I highly recommend this story for anyone that is a fan of Robert Louis Stevenson's "Strange Case of Doctor Jekyll and Mr. Hyde." There is a similar theme prevalent between the two, where the characters cannot fathom how they are capable of such evil, and yet, be also morally good. There is a lot of inward conversations about morality and philosophical questions about the lives that people are able to lead. Romuald had wanted to be a priest, it was supposed to be his life's calling, but the second he laid his eyes on Clarimond it forces his heart to change. He could not love or worship God, or even sacrifice his life to chastity and loneliness once this beauteous woman caught his eye. The Gothic horror element of night creatures, evil spirits and vampires added a paranormal/supernatural element to this short novel. I recommend this read to all that have a fascination with this type of genre. Furthermore, I look forward to reading more of Gautier's work in the future.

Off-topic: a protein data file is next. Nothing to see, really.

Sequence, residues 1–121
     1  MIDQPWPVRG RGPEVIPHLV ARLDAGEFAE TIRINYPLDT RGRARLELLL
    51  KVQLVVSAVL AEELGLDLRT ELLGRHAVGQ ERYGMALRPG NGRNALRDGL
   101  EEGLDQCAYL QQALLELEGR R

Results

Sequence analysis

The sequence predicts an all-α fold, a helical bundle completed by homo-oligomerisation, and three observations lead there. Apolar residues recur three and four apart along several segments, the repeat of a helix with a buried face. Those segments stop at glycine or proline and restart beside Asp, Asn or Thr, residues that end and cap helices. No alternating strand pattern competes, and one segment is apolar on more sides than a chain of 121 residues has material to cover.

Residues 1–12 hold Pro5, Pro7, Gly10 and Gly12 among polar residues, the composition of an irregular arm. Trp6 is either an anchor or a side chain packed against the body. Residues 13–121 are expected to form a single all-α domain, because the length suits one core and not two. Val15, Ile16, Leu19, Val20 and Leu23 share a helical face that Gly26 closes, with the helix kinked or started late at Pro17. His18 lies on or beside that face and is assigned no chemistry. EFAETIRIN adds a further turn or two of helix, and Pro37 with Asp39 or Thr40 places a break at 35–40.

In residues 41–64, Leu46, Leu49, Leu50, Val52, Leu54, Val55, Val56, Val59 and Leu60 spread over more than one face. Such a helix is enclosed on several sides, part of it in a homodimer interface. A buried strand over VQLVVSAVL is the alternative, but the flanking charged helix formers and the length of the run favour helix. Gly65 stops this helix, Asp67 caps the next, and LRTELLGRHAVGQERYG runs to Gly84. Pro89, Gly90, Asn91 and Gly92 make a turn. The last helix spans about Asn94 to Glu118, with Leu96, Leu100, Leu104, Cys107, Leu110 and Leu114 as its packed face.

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The House of the Seven Gables by Nathaniel Hawthorne
My rating: 2 of 5 stars
If one of the family did but gurgle in his throat, a bystander would be likely enough to whisper, between jest and earnest, “He has Maule’s blood to drink!”